Key Points
  • U.S. stocks have been trending higher, but endured some rough water over the past few weeks. Although bumpy, major U.S. indexes have moved to the top of the recent range and the secular bull market should stay intact.

  • The U.S. economy is in good shape and likely able to withstand some of the brewing storms. Bouts of volatility are unlikely to diminish Fed tightening expectations and a June hike remains a near certainty.

  • Trade concerns are ramping up; and although the major global players look able to withstand at least some trade stress, the margin for error is narrowing.

“He that will not sail ‘till all dangers are over must never put to sea.”
- Dr. Thomas Fuller

Choppy waters

Investors in U.S. stocks may have felt like being on a boat where passengers are running to one side, then deciding all of a sudden to rush to the other side. It can be stomach churning, but risks are part of investing and bouts of volatility should persist. Joining the shifting crowd is not a successful way to invest; rather those that remain calm during the storms and keep their focus on the horizon have a much better chance of achieving their goals..

Déjà vu: a European country having political problems and fear rising that its membership in the Eurozone may be in doubt. This time it was Italy, with some sharp down moves on the initial political/election uncertainty—amid a spike in Italian yields. But a calming in those tensions helped U.S. stocks move to the top of their recent range. Continued turbulence is to be expected as the structural constraints in Europe remain but we don’t see long-lasting damage at this point. As a reminder, in another potential European “crisis”, the reaction to the Brexit vote in June 2016 was violent at the time, but looking back it was a minor squall in an ongoing bull market.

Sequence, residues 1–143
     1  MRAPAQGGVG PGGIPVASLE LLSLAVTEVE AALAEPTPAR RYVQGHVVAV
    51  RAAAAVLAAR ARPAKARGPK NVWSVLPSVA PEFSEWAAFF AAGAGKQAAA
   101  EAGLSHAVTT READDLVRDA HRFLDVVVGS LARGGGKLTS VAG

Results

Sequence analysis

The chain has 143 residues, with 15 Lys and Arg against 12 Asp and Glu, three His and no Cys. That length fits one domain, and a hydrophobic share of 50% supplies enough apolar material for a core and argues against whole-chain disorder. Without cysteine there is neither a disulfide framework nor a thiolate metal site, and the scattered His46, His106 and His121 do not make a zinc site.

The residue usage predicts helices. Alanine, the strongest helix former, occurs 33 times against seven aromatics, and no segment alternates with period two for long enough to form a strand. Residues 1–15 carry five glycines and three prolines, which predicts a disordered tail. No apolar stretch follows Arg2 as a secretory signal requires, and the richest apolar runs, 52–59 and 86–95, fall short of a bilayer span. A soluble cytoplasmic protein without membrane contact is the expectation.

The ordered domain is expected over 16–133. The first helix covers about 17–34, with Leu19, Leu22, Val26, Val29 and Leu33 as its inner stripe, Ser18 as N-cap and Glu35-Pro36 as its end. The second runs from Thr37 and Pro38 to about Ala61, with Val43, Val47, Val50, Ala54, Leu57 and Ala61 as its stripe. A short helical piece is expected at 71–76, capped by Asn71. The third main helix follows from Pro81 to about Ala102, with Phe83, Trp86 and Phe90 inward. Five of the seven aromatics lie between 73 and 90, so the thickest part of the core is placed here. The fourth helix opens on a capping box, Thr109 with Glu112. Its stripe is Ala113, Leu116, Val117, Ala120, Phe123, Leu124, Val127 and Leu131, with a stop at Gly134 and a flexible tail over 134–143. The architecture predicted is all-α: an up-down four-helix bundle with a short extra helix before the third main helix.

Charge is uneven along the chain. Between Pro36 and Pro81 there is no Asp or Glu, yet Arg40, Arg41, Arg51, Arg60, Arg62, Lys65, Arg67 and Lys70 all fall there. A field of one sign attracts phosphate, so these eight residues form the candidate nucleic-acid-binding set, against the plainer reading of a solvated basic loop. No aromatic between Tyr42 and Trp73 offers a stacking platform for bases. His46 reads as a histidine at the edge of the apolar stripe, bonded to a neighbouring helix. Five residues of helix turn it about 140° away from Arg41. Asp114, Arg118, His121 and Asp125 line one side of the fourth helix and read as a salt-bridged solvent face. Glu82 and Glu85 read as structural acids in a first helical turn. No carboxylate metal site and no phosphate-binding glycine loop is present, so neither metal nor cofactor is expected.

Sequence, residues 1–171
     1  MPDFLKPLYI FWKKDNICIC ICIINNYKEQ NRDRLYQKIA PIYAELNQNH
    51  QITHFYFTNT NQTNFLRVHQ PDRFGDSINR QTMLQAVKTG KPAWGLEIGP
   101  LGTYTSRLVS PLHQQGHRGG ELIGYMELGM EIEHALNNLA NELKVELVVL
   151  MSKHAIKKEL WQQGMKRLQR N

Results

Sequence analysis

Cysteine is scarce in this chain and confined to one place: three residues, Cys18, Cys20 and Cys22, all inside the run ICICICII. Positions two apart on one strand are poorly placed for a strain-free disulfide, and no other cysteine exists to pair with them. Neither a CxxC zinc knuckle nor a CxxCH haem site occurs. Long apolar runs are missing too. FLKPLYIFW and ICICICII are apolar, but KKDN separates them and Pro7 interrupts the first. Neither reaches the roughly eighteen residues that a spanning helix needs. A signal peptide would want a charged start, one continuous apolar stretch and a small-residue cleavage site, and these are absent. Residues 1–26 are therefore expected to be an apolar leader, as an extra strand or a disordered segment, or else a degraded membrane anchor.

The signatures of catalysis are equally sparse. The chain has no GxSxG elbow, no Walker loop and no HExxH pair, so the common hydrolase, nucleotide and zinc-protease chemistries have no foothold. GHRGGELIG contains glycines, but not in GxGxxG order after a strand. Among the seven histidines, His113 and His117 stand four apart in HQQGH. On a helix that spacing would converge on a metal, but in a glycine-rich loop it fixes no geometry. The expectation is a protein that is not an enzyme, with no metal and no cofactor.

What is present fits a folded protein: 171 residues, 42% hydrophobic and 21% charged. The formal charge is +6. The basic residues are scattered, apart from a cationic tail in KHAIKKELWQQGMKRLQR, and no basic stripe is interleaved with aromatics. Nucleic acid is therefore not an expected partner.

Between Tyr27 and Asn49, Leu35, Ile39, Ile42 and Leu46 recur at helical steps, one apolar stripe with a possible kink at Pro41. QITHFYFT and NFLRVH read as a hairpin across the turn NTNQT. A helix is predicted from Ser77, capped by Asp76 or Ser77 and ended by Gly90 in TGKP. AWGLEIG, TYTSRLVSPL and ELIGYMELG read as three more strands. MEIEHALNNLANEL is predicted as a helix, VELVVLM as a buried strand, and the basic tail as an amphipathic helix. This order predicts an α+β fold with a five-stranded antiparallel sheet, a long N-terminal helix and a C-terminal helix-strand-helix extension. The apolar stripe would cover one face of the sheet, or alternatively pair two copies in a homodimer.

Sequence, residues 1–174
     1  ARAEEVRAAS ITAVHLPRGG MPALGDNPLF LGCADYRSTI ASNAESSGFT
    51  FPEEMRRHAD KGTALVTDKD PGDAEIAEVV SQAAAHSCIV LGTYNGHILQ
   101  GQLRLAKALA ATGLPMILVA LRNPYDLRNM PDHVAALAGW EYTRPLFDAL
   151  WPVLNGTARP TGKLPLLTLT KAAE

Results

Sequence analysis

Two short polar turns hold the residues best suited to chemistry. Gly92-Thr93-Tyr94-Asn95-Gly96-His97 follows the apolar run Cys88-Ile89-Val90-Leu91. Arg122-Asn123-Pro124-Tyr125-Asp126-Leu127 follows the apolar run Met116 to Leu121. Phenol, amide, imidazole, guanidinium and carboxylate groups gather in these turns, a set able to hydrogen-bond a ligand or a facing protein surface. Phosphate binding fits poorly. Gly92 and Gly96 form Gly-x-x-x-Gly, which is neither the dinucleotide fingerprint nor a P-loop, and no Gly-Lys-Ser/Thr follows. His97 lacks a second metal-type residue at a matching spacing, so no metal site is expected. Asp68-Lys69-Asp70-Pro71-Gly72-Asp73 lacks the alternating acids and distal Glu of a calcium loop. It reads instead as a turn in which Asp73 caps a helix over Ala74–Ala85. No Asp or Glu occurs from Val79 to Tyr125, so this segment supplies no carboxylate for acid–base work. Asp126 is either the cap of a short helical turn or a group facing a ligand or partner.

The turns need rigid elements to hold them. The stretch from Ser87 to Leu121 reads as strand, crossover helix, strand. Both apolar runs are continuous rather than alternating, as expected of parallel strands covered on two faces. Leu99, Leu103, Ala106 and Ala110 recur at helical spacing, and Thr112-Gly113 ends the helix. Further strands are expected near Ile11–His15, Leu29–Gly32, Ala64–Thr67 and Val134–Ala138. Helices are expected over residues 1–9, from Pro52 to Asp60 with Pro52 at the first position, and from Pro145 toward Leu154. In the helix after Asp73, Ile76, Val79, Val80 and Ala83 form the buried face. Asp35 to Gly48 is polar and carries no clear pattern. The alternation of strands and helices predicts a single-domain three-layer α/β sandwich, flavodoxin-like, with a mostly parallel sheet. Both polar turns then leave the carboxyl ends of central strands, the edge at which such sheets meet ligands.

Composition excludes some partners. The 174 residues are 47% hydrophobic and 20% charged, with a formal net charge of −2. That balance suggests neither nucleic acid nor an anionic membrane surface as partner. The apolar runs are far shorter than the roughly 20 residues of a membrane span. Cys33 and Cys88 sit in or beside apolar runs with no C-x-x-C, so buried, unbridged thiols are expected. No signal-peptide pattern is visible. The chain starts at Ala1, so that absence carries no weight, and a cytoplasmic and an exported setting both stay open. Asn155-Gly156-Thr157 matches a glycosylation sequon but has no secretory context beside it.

Brexit vote reaction looks minor in hindsight

S&P 500 Composite with Brexit date

More broadly, what we are likely experiencing are fissures associated with a receding tide of global liquidity, tighter financial conditions, a strengthening U.S. dollar, and of course trade tensions. On trade, the United States let the originally-announced steel and aluminum tariff exemptions expire, and there were retaliatory actions from several of our trading partners. This is another step closer to a more damaging trade war, with rhetoric having ramped up lately. On the dollar and tighter financial conditions/less global liquidity: an apt analogy is fishing with dynamite. We’ve begun to see emerge some “small fish” in the emerging market world have problems with the strengthening dollar (such as Turkey). The money that many emerging countries have borrowed in U.S. dollars becomes more expensive to service. For now the problems appear contained, but we are watching indicators for signs that bigger fish may float to the surface. As we have been cautioning, when the liquidity tide begins to recede, it’s time to start to look for who has been swimming naked.

A sign of coming attractions? Volatility ticked higher recently

VIX